lution more glorious than any yet arising from force and flu ence to support slavery ?
arms. This party, a few years ago, numbered but seven
thousand voters; now, in 1843, they poll sixty-five thou
sand men at the ballot-box, having doubled themselves
- f . 1. t : C A 1 1.
continued rate of increase, I leave it to the reflecting to ' reenian
determine how long it will be before they absorb the whole flShinfftOIl CO. COBICl'dlCC.
political power of the North. Cassius M. Clay. B.
j ... ... , , Mr. Editor: In reply to the communication
And cm the liberties of a nation he thought secure, . ...
when we have removed their only firm basis, a convic- ot tnH Montpelier Association, which has appear-
Letters from James G. Birney.
The following letters from Mr. Birney to Mr.
Errett,nnd to the Hartford Committee, will be
read with interest. We prefix the subjoined note,
which was addressed to us as .explnnatnry of the
reasons why the opinions of TjfTfBirney on the
subjects here discussed, had nou been previously
Lower Saginaw, Mich.
Sept. 2, 1844.
To THE EDITORS OF THE SlGNAL '.
Gentlemen, Within the last five or six weeks,
I have received letters from persons resi
ding in different parts of the country, requesting to
be informed what are my opinions on several sub
jects of National policy that now interest the pub
lic mind. Un the laritt, 1 had already communi
cated my opinion in a letter written in reply to one
received from a gentleman residing in Pittsburgh.
My opinions on a National Bank on the distribu
tion of the proceeds of the Public Lands, &c. &,c.
were given in answer to a written request made by
a committee appointed by the citizens of Hartford.
Trumbull County, Ohio.
Under the expectation that my letters would be
published by the gentlemen to whom they were ad
dressed. I referred all subsequentenquirers to them
for my opinions. But not having seen them, or
any notice of them, in the public journals, I beg
that you will give them an insertion in yours; and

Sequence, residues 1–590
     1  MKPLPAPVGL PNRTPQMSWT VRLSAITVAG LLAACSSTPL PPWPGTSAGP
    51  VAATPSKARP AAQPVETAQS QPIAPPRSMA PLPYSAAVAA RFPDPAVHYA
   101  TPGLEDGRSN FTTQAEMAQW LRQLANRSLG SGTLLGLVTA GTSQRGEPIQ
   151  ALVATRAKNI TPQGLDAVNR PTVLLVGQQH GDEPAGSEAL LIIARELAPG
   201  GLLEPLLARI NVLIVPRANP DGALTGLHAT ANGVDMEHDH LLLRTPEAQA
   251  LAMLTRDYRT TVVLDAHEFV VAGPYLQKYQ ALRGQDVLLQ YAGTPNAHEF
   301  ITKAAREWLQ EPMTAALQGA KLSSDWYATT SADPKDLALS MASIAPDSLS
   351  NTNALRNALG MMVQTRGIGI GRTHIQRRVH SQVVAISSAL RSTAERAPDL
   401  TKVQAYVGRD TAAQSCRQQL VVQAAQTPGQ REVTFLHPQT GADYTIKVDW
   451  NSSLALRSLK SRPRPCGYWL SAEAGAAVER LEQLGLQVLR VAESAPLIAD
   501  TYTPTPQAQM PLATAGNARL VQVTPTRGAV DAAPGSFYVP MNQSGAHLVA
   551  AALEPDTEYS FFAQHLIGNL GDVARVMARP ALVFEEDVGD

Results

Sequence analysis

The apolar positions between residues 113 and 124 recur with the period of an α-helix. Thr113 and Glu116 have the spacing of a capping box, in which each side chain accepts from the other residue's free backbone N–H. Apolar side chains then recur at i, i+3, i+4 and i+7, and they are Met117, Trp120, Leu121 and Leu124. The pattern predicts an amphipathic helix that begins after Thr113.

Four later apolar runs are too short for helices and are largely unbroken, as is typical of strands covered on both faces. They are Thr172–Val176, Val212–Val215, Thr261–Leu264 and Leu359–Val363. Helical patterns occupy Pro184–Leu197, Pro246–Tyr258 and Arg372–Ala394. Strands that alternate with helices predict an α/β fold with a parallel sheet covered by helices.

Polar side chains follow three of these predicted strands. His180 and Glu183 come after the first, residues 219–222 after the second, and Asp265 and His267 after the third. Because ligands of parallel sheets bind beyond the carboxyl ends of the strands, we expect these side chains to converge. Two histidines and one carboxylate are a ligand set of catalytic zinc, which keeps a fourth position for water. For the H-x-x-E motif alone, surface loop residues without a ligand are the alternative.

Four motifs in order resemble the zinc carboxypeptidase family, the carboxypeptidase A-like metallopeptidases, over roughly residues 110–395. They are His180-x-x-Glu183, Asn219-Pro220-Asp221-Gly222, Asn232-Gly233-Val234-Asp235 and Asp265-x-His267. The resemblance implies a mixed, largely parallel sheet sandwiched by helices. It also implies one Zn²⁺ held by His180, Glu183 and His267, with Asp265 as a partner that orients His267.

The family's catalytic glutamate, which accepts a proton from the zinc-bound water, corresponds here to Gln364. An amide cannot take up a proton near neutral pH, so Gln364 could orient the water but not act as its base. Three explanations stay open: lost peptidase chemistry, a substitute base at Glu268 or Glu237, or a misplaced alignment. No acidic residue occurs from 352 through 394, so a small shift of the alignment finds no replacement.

that you will send to each of the subjoined names
one of the papers containing them.
JAMES G. BIRNEY.
lion in the minds of the people that these liberties are the ed in the Vt. Chronicle, against my right to hold a
g.u ot uoor iaaeea, 1 1 emme tor my country, woen 1 protracted or antislavery meeting where God in
reflect that Uod is lust; that Hn justice cannot sleep for- ,. ., , , ,,
ever: that, considerine numbers, nature, and natural hlS Providence opens a door, I would say, first,
means only, a revolution ot the wheel ol tortune, an ex
change of situation is among possible events: it may be
come probable by supernatural interference! The Al
mighty has no attribute which can take side with us in
uch a contest. Jefferson's Notes on Virginia.
For the Green Mountain Freeman.
Mr. Editor: The Windham County confer
ence of ministers and churches held their annual
meeting atTownshend the 17th and 18th of Sept.
In connexion with which was the annual meetiug
of the Sabbath School, Bible, Tract, Education,
Home and Foreign Missionary Societies. Re
ports and addresses were made. It was pleasing
to witness the zeal manifested by speakers and
hearers in their good causes. While there was
much pervading the meeting that rejoiced the
heart of christian benevolence, there was some
things of an opposite character.
It was painful, amidst high professions of be
nevolent regard for the well-being of man, to dis
cover decisive evidence of the presence of the